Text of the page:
Buy the Farm takes major hit

Filed under:Uncategorized — posted by admin on August 6, 2012 @ 11:45 am


The Minnesota Court of Appeals has just released a devasting decision — that Buy the Farm landowners are not “forced” to leave their property and are not entitled to other benefits under Minn. Stat. ch. 117 including relocation compensation.

Buy the Farm – NSP v. Aleckson, Pudas, Hanson, et al.

Thanks to the crass little birdie who sent word, errrrrrr…  tweet…. errrrrrr, email.


I hadn’t checked the missive from the court this morning, was on phone with distraught landowner facing condemnation when it came over the wire… how ironic.

This decision?  It’s grim, utility mantra all the way.  Here’s the meat of it:

Minimum Compensation

We agree with the district court that neither the Buy-the-Farm statute nor the minimum-compensation statute explicitly exempts application of the other. But the relevant eligibility requirements of the minimum-compensation statute must still be satisfied. The minimum-compensation statute only applies to landowners who must relocate. See Minn. Stat. § 645.44, subd. 15a (2010) (“‘Must’ is mandatory.”). Here, respondents chose to make their Buy-the-Farm elections and therefore chose to relocate. As such, we conclude that respondents are not landowners who “must relocate,” and therefore are not entitled to maintain a claim for minimum compensation under section 117.187.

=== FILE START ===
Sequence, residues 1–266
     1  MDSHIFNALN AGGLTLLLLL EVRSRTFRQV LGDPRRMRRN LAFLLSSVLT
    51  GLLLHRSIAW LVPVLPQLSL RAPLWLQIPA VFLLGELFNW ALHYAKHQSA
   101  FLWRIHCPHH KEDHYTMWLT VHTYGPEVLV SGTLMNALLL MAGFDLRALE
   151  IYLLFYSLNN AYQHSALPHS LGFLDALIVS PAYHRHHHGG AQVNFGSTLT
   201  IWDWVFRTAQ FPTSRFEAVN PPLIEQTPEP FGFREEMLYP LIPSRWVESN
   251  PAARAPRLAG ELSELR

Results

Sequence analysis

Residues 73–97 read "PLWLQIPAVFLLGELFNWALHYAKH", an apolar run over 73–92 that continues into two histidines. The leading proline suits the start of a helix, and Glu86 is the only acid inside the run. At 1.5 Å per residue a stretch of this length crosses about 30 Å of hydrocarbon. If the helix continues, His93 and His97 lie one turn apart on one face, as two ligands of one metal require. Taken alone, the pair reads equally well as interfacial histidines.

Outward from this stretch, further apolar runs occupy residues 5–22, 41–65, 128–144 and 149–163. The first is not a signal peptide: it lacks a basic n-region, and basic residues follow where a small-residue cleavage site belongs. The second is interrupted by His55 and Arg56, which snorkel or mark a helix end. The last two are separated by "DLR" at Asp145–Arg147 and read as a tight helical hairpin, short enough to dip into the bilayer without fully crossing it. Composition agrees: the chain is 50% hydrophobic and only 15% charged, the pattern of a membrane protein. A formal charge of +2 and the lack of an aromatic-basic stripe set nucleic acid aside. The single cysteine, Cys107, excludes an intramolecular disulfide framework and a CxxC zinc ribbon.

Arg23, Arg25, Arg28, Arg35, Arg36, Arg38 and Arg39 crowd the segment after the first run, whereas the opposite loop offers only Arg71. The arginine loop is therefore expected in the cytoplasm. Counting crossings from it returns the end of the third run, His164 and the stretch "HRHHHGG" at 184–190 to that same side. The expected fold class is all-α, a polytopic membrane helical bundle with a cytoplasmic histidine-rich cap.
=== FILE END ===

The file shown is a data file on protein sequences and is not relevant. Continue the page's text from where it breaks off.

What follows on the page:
Relocation Benefits

As discussed above, respondents were not required to relocate. The transfer of the fee interest in their property to appellants was a result of respondents making an election under section 216E.12. And while respondents had every right to make such an election, their claim that appellants are “forcing” them to move is disingenuous. The fact remains that appellants sought to condemn only an easement across respondendents’ properties. Respondents voluntarily decided to make their Buy-the-Farm elections, requiring appellants to acquire the fee interest in their entire parcels. As such, respondents are ineligible for relocation benefits under Minn. Stat. § 117.52.

This is SO offensive:

The fact remains that appellants sought to condemn only an easement across respondents’ properties.

“Only” — can you tell they’ve never dealt with transmission?

Only… how dare they!

Odds are it’s now headed to the Supreme Court.  I feel an Amicus Brief coming on.


image: detail of installation by Bronwyn Lace